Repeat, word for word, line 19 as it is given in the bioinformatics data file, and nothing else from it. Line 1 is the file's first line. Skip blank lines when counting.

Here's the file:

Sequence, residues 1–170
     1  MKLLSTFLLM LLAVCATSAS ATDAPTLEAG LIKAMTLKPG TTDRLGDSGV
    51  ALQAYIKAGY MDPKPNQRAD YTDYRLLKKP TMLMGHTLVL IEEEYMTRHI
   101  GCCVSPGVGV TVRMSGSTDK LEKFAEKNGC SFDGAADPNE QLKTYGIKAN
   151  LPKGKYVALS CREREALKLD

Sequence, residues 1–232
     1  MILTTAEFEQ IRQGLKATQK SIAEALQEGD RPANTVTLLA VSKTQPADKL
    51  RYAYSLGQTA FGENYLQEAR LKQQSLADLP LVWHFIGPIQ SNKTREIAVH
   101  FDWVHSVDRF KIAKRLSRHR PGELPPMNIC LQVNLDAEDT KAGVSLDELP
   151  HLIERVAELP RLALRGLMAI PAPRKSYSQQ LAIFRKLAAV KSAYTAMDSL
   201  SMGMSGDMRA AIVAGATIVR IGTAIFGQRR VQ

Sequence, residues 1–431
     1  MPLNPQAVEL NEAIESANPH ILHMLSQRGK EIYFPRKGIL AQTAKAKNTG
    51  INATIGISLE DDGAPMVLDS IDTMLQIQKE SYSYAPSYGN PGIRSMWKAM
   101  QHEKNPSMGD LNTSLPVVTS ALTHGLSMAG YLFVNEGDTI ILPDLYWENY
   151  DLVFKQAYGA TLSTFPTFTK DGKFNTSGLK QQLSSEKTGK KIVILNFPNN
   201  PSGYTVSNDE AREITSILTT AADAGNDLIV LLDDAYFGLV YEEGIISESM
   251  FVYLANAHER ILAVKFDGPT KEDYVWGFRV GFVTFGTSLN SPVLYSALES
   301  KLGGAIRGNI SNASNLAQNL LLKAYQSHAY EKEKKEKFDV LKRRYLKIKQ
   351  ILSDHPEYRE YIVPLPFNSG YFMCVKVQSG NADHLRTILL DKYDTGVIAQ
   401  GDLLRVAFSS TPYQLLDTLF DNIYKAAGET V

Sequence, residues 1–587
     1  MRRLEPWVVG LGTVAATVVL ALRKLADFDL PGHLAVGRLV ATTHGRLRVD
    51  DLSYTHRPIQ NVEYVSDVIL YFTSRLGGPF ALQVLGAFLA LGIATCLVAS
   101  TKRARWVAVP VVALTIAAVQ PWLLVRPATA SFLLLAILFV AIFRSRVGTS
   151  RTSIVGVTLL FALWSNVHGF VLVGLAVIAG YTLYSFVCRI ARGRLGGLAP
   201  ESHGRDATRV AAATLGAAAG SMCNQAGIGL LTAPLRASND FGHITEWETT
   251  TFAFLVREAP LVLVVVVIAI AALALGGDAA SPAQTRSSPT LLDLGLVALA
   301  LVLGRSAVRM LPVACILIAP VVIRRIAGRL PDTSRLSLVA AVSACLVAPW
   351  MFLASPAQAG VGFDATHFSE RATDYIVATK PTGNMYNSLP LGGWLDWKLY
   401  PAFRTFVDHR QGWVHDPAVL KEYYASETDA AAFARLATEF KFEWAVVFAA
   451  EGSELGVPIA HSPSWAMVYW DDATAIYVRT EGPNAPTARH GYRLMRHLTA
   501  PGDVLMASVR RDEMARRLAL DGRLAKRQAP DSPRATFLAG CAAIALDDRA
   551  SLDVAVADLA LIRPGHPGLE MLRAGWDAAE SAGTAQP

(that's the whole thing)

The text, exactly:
   301  KLGGAIRGNI SNASNLAQNL LLKAYQSHAY EKEKKEKFDV LKRRYLKIKQ